“It keeps me conditioned over the years and I gain a lot more friends from doing [hockey]. You meet so many people, from the people on your team and the people on other teams that you can always count on.” Shelby said. “From different teams I have a bunch of kids snapchats and we always communicate. It fun because it’s not always about just your team, you can always hang out with other people from different teams and nobody really cares about it.”

Kennedy Williams, sophomore softball player, to invests her time and money into playing the sport she loves and feels that she belongs too inside and out of school. The schedule is long and grueling but Williams fights through it because she’s passionate about what she does.

“I thought about trying other sports out at a young age because you usually want to start a sport early so that you can be at the same level as your peers because it’s not just about talent, it’s about of the mechanics of each sport,” Williams, who is on the high school varsity softball team and Illinois sluggers which is a club team, said. “I’m more of a mental person, a lot of sayings in softball and baseball is that the sport is 90 percent mental. I feel like I was meant to do this sport because I love the competitiveness, I love [how you get to bond with your team], and I love the sport itself. Just the concept of it, how your brain always has to keep going, knowing where the play is, knowing where you need to hit the ball, knowing where you need to throw it, how to get the person on third or second to get to home to score.”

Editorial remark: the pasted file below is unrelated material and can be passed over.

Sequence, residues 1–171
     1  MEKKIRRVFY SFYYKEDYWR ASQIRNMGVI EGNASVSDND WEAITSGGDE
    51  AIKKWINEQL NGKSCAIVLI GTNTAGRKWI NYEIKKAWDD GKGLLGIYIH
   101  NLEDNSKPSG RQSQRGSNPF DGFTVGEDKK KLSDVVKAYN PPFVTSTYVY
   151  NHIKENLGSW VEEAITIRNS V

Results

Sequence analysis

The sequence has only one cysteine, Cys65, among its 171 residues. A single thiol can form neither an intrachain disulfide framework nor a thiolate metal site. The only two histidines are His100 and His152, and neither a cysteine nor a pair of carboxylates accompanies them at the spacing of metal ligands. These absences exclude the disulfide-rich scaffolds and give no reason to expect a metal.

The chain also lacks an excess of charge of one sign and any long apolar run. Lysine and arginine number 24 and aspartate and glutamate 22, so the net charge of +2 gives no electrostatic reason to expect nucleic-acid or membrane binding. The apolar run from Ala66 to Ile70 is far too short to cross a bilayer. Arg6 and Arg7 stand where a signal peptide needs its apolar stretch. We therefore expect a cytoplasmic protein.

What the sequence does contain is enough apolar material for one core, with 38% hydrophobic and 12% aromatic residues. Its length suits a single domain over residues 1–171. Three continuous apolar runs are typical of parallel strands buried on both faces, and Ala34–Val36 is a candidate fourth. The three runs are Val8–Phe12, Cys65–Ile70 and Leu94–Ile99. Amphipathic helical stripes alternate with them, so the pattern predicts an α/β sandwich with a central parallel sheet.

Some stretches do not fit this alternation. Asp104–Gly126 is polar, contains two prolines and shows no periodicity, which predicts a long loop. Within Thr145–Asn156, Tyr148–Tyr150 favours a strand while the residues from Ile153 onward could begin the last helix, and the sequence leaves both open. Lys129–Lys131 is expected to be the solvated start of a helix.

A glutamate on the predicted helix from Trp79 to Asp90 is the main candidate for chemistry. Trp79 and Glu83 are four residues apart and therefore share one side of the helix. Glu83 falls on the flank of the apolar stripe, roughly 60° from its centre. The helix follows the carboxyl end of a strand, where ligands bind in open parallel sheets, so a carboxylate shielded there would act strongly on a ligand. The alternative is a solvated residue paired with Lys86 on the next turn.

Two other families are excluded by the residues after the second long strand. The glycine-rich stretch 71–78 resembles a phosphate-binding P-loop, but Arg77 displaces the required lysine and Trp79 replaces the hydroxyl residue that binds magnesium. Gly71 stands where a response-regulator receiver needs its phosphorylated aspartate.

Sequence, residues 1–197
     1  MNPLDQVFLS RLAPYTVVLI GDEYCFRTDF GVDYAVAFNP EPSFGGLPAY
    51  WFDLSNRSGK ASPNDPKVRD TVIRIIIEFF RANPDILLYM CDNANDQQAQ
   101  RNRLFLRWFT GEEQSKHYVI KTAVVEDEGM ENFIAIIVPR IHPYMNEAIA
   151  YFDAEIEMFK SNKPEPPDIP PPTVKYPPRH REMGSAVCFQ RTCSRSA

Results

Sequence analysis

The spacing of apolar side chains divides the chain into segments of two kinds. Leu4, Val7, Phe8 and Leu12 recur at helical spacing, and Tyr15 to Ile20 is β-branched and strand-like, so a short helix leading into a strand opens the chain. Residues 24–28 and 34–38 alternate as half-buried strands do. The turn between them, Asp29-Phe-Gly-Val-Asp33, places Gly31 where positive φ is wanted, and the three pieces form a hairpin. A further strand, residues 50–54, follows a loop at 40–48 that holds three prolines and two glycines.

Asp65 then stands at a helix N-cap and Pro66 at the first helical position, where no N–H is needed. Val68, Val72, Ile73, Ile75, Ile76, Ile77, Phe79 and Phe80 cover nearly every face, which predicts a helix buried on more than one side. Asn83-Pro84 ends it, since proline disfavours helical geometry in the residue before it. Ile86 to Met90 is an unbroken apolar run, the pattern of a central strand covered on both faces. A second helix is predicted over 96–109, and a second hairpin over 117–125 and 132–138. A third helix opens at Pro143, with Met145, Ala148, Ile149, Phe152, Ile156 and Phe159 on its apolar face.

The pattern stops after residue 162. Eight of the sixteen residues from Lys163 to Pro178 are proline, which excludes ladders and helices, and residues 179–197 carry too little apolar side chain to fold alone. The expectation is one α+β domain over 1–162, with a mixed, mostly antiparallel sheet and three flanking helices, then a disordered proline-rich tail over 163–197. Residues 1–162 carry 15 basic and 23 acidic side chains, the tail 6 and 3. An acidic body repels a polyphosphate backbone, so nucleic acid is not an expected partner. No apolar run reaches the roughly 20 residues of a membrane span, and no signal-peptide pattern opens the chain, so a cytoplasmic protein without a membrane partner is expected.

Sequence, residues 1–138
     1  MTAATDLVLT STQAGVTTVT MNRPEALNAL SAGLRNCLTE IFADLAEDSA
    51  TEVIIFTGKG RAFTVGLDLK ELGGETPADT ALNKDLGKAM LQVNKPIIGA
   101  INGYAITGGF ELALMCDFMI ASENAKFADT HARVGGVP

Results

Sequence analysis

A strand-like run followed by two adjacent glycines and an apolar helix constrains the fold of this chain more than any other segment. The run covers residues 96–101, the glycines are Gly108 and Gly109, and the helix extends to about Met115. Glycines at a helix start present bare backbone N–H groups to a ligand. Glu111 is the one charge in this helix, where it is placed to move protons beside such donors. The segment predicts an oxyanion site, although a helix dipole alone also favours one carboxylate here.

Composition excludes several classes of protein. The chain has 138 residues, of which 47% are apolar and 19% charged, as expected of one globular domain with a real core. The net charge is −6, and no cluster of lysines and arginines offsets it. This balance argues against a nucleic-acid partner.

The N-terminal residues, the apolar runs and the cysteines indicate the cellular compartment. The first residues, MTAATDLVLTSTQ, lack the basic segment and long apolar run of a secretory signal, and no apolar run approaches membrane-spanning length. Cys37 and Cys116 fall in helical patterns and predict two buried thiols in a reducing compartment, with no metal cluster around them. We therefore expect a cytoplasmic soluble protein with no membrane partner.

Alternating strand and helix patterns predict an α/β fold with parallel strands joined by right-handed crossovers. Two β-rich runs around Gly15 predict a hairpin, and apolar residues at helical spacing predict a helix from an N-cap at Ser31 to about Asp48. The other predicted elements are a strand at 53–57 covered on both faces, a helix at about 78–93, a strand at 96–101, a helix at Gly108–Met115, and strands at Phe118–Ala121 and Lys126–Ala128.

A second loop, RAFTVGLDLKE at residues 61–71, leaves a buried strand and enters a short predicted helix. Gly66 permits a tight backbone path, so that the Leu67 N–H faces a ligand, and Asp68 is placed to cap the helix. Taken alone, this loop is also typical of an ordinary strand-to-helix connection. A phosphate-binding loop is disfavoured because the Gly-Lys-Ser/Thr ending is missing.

The passion for their sport behind the drive to do better is a main reason why student athletes to do offseason teams, Williams shows how her dedication for the sport is not just because she has to, she wants to work hard and get better because she loves what she does. However sometimes the sport she loves can intervene with school work.

“Honestly it’s a lot. It’s a great life lesson to manage time because usually, including in the school season, I go from practice, to game, to homework/study, and then I go to sleep. Honestly I love softball, or else I would have dropped it awhile ago, then again it is a lot on my body,” Williams said. “Sometimes my grades will take a toll from it because one weekend I’ll have a huge tournament and we’ll go deep into Sunday maybe until [the championship of that tournament] and I won’t get home until 7:30-9:00 at night and I haven’t started any of my homework.”

School is important and student athletes have to manage their time in order to achieve greatness in both the academic and athletic world. It can be tough but if you work hard and are dedicated it’s worth it because you’re able to keep doing what you love, William said.

“It’s honestly just the thrill of it, not just being in the game or games it’s being in practices. Even though sometimes the work gets boring and your doing the same thing over and over again, you understand because you have a purpose doing it, every time,” Williams said.